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The valves of the heart

November 12th, 2015


The valves of the heart

A patient once asked me whether a heart could talk, because all doctors always listen to the heart. I corrected him that I actually listen to the heart valves most of the time, and no, they don’t talk. Or maybe they do talk, but in a language incomprehensible for us human being.

In Thai, the heart valves are called the heart’s tongue, and in fact, they do share some similarities. They are both soft and flexible, but the tongue enjoys a bit more freedom but the heart valves are quite restricted and can only move when the heart says so.

While the tongue helps us pronounce words and push food down the food tract, the heart valves also guide blood into the right direction. This means the tongue is greeted with many bacteria, while the heart valves are relatively clean.

You might think the two are not related, but in reality, they do come in contact sometimes (figuratively speaking – they can’t really touch each other physically). A person with narrowed heart valves or valvular heart disease, if their oral cavity is infected, the bacteria can get into the blood stream and cause infection at the heart valves, complicating the matter.

Moreover, gingivitis is also associated with narrowed artery disease and myocardial infarction. Those with severe and chronic gingivitis are more likely to develop those diseases than those with a healthy mouth.

The heart chambers actually have specific names left and right atriums and left and right ventricles. The heart valves separate the atrium and ventricle and ventricles and main blood vessels exiting the hearts, which you already know and I will not bore you with details. In a nutshell, blood flows into the right atrium first, and fresh blood exits through left ventricle. The valves open and close, letting blood pass through and stopping the blood from flowing backward in rhythms.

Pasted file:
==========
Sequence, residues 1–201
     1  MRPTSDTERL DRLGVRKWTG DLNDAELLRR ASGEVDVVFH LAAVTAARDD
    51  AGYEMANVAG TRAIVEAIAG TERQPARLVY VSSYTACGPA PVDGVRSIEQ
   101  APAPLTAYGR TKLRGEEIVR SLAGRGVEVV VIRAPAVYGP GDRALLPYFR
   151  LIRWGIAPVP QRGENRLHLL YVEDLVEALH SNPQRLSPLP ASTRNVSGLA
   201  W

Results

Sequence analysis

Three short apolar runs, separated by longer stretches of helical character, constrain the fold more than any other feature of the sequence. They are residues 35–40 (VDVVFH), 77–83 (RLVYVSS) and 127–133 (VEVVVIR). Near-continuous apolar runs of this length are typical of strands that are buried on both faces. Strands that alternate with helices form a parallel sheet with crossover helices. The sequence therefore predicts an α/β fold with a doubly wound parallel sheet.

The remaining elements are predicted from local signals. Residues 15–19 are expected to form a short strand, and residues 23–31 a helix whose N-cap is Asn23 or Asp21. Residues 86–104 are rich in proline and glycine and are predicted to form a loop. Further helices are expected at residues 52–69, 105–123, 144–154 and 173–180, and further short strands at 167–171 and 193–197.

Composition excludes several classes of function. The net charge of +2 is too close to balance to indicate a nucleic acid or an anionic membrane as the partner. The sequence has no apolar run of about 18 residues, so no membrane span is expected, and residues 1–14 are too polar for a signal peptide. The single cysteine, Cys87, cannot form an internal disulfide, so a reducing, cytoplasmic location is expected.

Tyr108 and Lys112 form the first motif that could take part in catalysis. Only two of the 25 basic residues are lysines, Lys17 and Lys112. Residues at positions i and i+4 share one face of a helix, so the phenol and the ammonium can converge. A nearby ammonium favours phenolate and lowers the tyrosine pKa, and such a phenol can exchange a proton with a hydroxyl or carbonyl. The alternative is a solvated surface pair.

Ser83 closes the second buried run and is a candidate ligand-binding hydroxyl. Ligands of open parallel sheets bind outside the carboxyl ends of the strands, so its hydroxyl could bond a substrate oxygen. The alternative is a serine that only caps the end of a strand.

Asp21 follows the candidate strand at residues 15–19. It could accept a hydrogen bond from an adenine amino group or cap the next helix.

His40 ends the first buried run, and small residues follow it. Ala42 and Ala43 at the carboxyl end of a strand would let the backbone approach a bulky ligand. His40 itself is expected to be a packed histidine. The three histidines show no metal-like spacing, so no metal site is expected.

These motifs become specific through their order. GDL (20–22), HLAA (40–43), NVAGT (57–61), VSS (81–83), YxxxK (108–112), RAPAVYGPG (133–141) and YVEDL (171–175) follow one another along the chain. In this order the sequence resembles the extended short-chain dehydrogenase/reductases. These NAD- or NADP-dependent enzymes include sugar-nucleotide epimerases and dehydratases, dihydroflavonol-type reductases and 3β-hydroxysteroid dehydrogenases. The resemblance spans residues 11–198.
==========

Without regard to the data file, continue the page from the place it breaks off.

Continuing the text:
The left ventricle is the strongest because it has the biggest job – to send blood to all parts of the body. The blood leaving the left ventricle exits through the aorta, the body’s main artery, where there is a valve, called aortic valve, preventing the blood to return to the chamber.

In a healthy person, the heart can transport 5-8 litres of blood throughout the body each minute. Considering how small our heart is, that’s pretty hard work.

If something is wrong with any of the heart valves, the heart has to work even harder to keep the blood supply at the same rate. This results in the heart being enlarged.

A narrowed heart valve will make it harder for blood to exit the chamber, like trying to leave a room with the door half open. The heart has to push harder to get the blood out, and the increased activity makes the muscles thicker.

A lot of people with heart valve infection do not show any symptoms. They have to be treated with antibiotics and they have to stay in the hospital for a long time. Some need operations to change the naughty heart valve. As a precaution in the past, when they have an appointment with their dentist, it is advised they take antibiotics ahead of time to prevent bacteria from entering the body through any opening resulting from dental work.

Just the other day, a patient called me from a dentist’s office, asking me whether he needed medication before removing his tooth. I remembered that he had no problem with his heart valve, so I said it was fine and he did not need medication.

A week later, he came to see me and complained that for a heart disease patient, going to the dentist is such a nightmare. It was actually miscommunication, and what he had meant by “medicine” at the time was actually local anesthetics. The poor man had had his tooth removed without numbing the area!

Prof Nithi Mahanonda is consultant cardiologist and interventionist, Perfect Heart Institute.




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